By Marilyn Pribus –
When Eric Dahl, his wife, Jill, and their sons moved north from Florida, it’s no coincidence they bought a home at Lake Monticello where his two brothers already lived. Dahl is now Fluvanna’s Deputy County Administrator/Finance Director.
“Jill and I really like the nature aspects of Fluvanna rather than the hustle and bustle of a city,” he says. “That’s why we moved from Tampa—for a little slower pace and more seasons around us.”
He particularly cites the outdoor opportunities. “We like hiking and biking, both locally and in the mountains and also water activities like kayaking on the Rivanna River.” They also appreciate being close to Charlottesville where Jill works.
Vicki Wilson, Principal Broker and co-owner of Monticello Country REALTORS®, isn’t surprised the Dahl family chose Fluvanna.
“People often move here because someone they know already lives here,” she comments. In fact, she says she and her husband settled in Fluvanna after visiting her parents here many times. The school system was also important to them and she points out the nearly new high school is state of the art.
“Affordability is a main attraction in Fluvanna,” she continues. “There are many choices for first-time homebuyers under $200,000. We are also diverse—there are young people through retirees here.”
Another factor, she says, is that Fluvanna is a reasonable commute to both Charlottesville and Richmond. When they first moved here, in fact, Wilson worked locally, while her husband worked in Short Pump.
The Past and the Present
Fluvanna County dates back to 1777 as part of Henrico, then Goochland, then Albemarle Counties. It celebrates its history with nearly 20 National Historical Landmarks from the Courthouse in Palmyra to the slate-roofed Seay’s Chapel Methodist Church built at the turn of the last century.
The 1854 Pleasant Grove House is another National Historical Landmark. Now the centerpiece of Pleasant Grove Park, it was once part of a plantation growing tobacco and other produce that were shipped to Richmond on the Rivanna River.
Today the house is the County Museum and Welcome Center where visitors may tour the historic dwelling and browse exhibit galleries on weekdays from 8 a.m. to 5 p.m. and from noon to 4 p.m. on weekends. Admission is free.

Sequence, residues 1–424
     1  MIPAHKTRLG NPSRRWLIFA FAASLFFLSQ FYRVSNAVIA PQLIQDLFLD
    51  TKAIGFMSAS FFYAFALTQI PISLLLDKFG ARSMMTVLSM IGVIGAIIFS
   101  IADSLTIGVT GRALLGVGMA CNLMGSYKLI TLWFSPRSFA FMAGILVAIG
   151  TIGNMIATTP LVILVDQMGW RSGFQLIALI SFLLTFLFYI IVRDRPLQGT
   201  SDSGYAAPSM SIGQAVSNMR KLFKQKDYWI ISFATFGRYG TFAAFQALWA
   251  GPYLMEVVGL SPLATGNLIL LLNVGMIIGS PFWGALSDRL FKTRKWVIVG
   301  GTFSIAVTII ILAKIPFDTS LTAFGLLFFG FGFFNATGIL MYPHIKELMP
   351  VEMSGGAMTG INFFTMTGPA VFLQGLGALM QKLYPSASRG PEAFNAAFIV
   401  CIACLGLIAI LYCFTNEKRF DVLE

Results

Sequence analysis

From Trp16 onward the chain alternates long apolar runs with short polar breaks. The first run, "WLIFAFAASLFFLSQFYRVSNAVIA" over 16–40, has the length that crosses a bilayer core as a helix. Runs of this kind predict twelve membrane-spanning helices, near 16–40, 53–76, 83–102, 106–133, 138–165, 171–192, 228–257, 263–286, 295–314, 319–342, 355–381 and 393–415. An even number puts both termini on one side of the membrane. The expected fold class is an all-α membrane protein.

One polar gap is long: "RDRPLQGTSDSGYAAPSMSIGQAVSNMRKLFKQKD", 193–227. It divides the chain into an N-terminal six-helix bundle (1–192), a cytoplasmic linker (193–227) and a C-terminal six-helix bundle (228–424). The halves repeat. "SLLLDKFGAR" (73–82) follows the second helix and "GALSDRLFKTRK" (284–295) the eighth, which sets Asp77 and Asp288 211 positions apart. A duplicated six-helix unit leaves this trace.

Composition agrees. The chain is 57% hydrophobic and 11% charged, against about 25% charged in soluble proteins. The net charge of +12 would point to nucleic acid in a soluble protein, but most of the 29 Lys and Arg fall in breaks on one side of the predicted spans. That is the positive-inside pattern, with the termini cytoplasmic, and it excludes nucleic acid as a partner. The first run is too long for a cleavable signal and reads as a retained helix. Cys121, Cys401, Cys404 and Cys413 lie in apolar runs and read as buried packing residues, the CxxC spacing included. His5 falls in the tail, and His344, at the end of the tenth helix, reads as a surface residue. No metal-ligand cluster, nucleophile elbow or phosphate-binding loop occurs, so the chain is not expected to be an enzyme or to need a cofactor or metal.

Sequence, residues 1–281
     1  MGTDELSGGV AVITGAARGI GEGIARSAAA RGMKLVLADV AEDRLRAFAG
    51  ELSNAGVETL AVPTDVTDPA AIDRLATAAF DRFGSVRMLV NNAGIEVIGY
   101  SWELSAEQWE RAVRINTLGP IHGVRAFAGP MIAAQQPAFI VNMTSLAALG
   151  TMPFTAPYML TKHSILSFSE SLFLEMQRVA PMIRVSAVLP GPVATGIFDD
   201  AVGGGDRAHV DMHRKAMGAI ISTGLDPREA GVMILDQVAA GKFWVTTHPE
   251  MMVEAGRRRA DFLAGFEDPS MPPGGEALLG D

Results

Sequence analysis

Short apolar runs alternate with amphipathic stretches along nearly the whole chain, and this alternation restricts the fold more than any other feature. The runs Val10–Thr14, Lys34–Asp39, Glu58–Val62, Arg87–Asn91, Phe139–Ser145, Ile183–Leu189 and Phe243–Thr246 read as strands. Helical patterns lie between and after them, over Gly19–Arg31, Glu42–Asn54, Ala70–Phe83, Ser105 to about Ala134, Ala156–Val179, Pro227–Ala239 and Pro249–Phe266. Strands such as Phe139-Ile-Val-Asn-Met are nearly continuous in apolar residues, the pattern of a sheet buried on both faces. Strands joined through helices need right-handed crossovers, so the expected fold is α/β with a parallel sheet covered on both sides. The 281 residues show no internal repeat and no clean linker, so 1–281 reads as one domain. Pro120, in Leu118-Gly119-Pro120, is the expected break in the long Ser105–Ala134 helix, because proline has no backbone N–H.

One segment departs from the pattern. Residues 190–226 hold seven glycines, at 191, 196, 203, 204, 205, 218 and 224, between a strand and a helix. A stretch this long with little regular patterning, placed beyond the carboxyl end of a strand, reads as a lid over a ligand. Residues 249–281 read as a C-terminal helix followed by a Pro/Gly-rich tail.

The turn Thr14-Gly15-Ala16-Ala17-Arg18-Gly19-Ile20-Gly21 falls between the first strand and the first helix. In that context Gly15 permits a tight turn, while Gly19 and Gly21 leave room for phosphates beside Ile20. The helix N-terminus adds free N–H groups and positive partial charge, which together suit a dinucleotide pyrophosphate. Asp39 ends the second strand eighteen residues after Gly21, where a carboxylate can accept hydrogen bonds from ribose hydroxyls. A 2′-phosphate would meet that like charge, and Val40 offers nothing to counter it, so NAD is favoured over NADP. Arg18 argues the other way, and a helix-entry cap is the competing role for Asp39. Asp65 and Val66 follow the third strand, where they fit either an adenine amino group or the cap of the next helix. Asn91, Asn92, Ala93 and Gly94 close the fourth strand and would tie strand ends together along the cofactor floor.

The park itself is a generous triangle of land adjacent to Fluvanna High School and roughly bounded by Route 53 on the west and the Rivanna River on the east.
About 25 years ago, the county purchased close to 1,000 acres of farm land and eventually the Fluvanna Heritage Trail Foundation was formed. Today the Foundation—along with the Parks and Recreation Department—has created 22 miles of trails starring river habitat, wildflowers, grassy fields and woodlands.
For example, visitors on the Tree Identification Trail can learn the names of many native trees. A Natural Experience is a downloadable guide (from the County website) to various trails in the park.
Park visitors also enjoy the butterfly garden, and picnic shelters may be rented or used on a first-come, first-served basis when not reserved. There is also a community garden at the park with close to 100 individual plots that may be rented by the year and have public access to water.
The Dog Park is also popular, says Dahl who often visits to give the family pooch some off-leash exercise. “There are three different gated areas,” he explains, “so owners can choose for their dog to be with larger or smaller dogs.” Waste disposal bags are provided.
Dogs must be up to date on vaccinations and must be leashed except in the runs. The Dog Park area has the trailheads for a self-guided fitness circuit and the Sandy Beach Trail, an ADA-accessible gravel trail leading to the Rivanna River.
The park’s weekly seasonal Farmer’s Market is always a big bonus.
A number of sports leagues serve Fluvanna youth including softball, baseball, basketball, soccer and aquatic teams. The Carysbrook Sports Complex on Route 15 between Palmyra and Fork Union hosts a variety of recreational venues. There’s a playground plus softball, soccer, and baseball fields for youth activities. An indoor gym hosts basketball, pickleball and volleyball.
When not scheduled for league use, both indoor and outdoor facilities are open to the public. The hours vary by season.
Seniors Love Fluvanna
“There is a huge senior community with lots of support here in Fluvanna,” says Wilson who’s been a Meals on Wheels volunteer since its inception in the county some ten years ago. “We have eight routes,” she says, “and Friday is my day.”
Indeed, folks find this a great place to retire. The county’s Senior Programs have activities—many free—for those 55 and older including charitable projects, exercise programs, guest speakers and community forums. One example is JABA (Jefferson Area Board on Aging) that operates once-weekly programs including lunch and doings at four locations in the county.
In addition, JAUNT serves Fluvanna with a circular route within the County and a commuter route with stops between Fork Union and Charlottesville and urban Albemarle County. Trips are discounted for seniors and persons with disabilities.
Wilson points out that as the county’s population grows modestly, there are an increasing number of restaurants, groceries, and other businesses people want to have handy. Nearby wineries are also popular.
For complete information about historical, social and recreational aspects of the county, including calendars of activities, visit www.FluvannaCounty.org.
Marilyn Pribus and her husband live in Albemarle County near Charlottesville but have considerable kin in Fluvanna County.